2. Results and Discussion

2.1. Preparation of 5′-Azido-2′,5′-dideoxynucleosides

For the preparation of 5′-azido-2′,5′-dideoxynucleosides, first we have followed the tosyl–azide replacement method based on the literature but the isolated yields were significantly lower in our hands (Scheme 1, path a) compared to those described in the literature [35,36,37,38,39] therefore we decided to protect the 3′-hydroxy groups (Scheme 1, path b). Although the 3′-protection requires two more steps (3′-O-acylation and 5′-O-deprotection when the starting material is a 5′-O-(4,4′-dimethoxytrityl (DMTr))-N-acyl-protected nucleoside), it helps avoid the bis-3′,5′-O-tosylation and increases the solubility of the nucleosides which might also be a reason of the low yields. We have chosen the acetyl-protection of the 3′-hydroxy because it was considered to be compatible with the final deprotection of the steroid–nucleoside conjugates. The crude acetylated material was used for the 5′-O-DMTr deprotection without chromatographic purification. As a commonly used 3% trichloroacetic acid/dichloromethane deprotection resulted in a considerable amount of depurination side-products (mainly in the case of 2′-deoxyadenosine) therefore we have changed the reagent to a deprotection mixture containing the Lewis acid boron trifluoride in a 1,1,1,3,3,3-hexafluoroisopropanol–nitromethane solution [60] (Scheme 1, path b).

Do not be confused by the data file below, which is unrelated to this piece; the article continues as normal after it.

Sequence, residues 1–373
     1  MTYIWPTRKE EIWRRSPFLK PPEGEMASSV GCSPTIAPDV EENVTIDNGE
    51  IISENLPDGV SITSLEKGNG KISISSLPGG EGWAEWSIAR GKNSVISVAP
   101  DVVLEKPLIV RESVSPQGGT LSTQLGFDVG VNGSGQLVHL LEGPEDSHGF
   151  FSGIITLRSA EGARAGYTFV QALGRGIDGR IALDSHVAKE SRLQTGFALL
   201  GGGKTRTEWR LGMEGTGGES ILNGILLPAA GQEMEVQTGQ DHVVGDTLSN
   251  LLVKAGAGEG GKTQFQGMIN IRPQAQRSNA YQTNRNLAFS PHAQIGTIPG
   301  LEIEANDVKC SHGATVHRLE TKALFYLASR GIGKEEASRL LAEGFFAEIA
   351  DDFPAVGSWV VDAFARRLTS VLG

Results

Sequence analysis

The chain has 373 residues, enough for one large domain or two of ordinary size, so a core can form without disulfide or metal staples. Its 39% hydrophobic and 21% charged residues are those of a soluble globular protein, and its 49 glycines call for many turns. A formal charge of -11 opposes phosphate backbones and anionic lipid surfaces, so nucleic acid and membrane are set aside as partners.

Using the 5′-OH containing, 3′-O-acetyl-protected nucleosides (8ad) we have carried out the 5′-O-tosylation in pyridine at room temperature and after purification the tosyl–azide exchange reaction in DMF at 50 °C (Scheme 1, path c). We have obtained better yields compared to the ones without 3′-O-protection but the yields were still not too high, around 50%. Moreover, in case of 2′-deoxguanosine, the tosylation reaction gave a very low yield (<10%), probably due to the very poor solubility. Therefore we stopped our attempts to obtain the tosylate 9d and its further derivatization was also abandoned.
As we were not satisfied with the isolated yields of azidonucleosides we attempted to improve them by applying Mitsunobu reaction to obtain the 5′-azides directly in a one-step reaction from the 3′-O-acetyl-protected nucleosides (Scheme 1, path d). The Mitsunobu reaction requires an acid component which should be HN3 in our case but we did not want to use a Brønsted acid to avoid the potential glycoside bond cleavage therefore, instead of the protic acid, we have tried two Lewis acids, Zn(N3)2 2 py or trimethylsilyl azide which were also used for Mitsunobu reactions [50,51,52,53]. Although we have tried to optimize the reaction conditions by varying the starting materials (2′-deoxyadenosine, thymidine, 2′-deoxycitidine, 2′-deoxyguanosine,), the azodicarboxylate reagents (diethyl or diisopropyl esters), the azide-containing acids and also applying different temperatures (0 °C and room temperature), we were unable to detect a considerable amount of 5′-azido-2′,5′-dideoxynucleosides. Only in case of 2′-deoxyadenosine we have got a 20% of the desired product, by using trimethylsilyl azide reagent at 0 °C in a 1 h reaction time. In all other cases only the 5′-O-trimethylsilylated nucleoside side-products were found by mass spectrometry analyses of the newly appearing TLC spots. These side-products have decomposed during the work up procedure giving back the starting nucleosides. As the Mitsunobu reaction failed to produce the desired 5′-azido-2′,5′-dideoxynucleosides, we eventually have used the 3′-O-protected–tosyl–azide exchange route to prepare the required amounts of 5′-azido-2′,5′-dideoxynucleosides 10ac for the conjugation reactions from crude tosylates 9ac (Scheme 1, path c).

2.2. Optimization of the Click Reaction between 5′-Azido-nucleoside Derivatives and 3-O-Propargyl-13α-estrone